Next in our series of posts by SPM members on their experience at last weekend’s PCORI workshop. See Monday’s introductory post.
I recently met (face to face) Danny van Leeuwen, one of the newer members of our society. He’s a sensitive, caring patient and RN, and one of the patient SPM members to attend last weekend’s PCORI workshop on patients engaging in research. This appeared Monday on his blog, here.
Patient Centered Outcomes Research
I attended the PCORI workshop in DC last weekend. Congress authorized PCORI The Patient-Centered Outcomes Research Institute (PCORI) to conduct research to provide information about the best available evidence to help patients and their health care providers make more informed decisions. PCORI’s research intends to give patients a better understanding of the prevention, treatment and care options available, and the science that supports those options. About 130 attended: patients, patient advocates, representatives of disease specific organizations, researchers, clinicians, home schoolers. PCORI aligns well with my personal mission: Increase the sense of balance patients, caregivers, and clinicians feel as they work together towards best health.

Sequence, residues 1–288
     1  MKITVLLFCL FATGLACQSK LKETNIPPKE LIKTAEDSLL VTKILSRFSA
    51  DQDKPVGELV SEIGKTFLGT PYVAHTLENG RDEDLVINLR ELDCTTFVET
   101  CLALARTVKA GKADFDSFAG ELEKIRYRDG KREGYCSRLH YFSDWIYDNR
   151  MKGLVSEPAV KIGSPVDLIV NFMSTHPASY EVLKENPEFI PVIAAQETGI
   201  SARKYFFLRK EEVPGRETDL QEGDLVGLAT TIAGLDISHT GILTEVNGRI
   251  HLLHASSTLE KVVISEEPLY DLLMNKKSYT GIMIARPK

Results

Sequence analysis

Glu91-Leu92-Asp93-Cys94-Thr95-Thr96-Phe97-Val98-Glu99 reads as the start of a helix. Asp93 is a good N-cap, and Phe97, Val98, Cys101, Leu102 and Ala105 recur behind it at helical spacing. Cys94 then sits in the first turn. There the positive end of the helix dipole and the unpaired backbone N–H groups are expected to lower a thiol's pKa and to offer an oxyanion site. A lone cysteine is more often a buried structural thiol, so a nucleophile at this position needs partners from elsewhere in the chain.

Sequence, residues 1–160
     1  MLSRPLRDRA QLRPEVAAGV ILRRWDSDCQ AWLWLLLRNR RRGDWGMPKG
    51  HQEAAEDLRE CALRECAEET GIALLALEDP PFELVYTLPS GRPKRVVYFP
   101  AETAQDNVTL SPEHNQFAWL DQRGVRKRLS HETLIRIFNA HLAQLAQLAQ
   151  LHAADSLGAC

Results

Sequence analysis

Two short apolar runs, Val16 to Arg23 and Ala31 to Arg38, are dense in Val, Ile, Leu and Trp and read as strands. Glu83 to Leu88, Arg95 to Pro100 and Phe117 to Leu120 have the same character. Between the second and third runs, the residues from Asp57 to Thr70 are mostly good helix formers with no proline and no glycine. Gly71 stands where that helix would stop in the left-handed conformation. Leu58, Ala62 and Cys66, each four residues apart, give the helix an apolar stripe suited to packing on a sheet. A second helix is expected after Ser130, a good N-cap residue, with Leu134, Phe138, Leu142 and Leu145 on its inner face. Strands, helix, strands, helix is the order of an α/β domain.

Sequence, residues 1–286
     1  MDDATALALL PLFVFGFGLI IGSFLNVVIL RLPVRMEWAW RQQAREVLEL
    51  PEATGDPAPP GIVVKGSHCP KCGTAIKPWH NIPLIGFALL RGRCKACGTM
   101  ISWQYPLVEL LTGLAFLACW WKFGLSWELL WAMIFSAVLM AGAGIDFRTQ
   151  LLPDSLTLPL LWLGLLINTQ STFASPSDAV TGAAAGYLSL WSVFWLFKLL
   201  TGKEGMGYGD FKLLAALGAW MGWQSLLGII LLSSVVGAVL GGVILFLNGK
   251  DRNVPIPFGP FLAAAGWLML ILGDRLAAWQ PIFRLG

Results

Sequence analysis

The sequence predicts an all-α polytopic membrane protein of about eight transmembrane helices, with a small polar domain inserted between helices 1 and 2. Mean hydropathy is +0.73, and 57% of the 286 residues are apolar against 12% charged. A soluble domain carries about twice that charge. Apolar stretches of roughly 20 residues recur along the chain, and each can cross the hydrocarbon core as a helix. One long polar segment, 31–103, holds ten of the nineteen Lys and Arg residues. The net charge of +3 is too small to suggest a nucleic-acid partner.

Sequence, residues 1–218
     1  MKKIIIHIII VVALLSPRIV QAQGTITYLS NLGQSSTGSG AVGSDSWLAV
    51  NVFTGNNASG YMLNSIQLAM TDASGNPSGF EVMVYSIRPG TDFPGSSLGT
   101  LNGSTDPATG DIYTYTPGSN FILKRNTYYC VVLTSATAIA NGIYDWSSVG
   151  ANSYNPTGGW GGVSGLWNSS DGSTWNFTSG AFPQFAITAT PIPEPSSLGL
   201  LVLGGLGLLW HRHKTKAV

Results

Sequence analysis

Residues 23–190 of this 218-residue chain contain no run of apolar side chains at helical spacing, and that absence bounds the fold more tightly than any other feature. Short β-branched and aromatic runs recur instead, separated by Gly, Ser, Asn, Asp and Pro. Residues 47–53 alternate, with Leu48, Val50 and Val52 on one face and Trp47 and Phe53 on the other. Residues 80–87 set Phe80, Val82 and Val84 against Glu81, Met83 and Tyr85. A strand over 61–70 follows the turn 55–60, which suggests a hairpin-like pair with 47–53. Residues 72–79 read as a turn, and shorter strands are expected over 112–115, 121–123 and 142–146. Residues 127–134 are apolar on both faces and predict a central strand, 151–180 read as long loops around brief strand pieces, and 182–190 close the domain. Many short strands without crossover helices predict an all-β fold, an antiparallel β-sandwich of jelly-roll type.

My main takeaways from the weekend are:
- Current research focuses disproportionately on the medical end of the health spectrum. Which therapy (mostly drugs) works better? Many participants would like to shift focus of research to the social and behavioral factors on the spectrum. Social factors are the conditions in which people are born, grow, live, work and age, including the health system. Behavioral factors include risky behavior, developing and following health plans, management of stress, pain and illness
- The gold standard of double-blind studies does little to help those confronting illness make decisions. As my neurologist tells me, it’s very challenging to apply research about populations to people. I am not a population. There are other models of sharing information and building on experience.
- Dissemination of research results is last funded and least rigorous. Many results are not published. Most patients don’t read peer-reviewed journals.
- The power gradient in research favors those managing the money. Rather than researchers seeking consumer involvement, communities could control the funding and seek researchers
- Health disparities affect communities (the unfair and avoidable differences in health status shaped by the distribution of money, power and resources at global, national and local levels). Research into health disparities can inform action by self-defined communities.
- The reservoir of experience, expertise, passion, and commitment of the PCORI participants is awesome, deep and diverse. I am humbled to be included in this movement.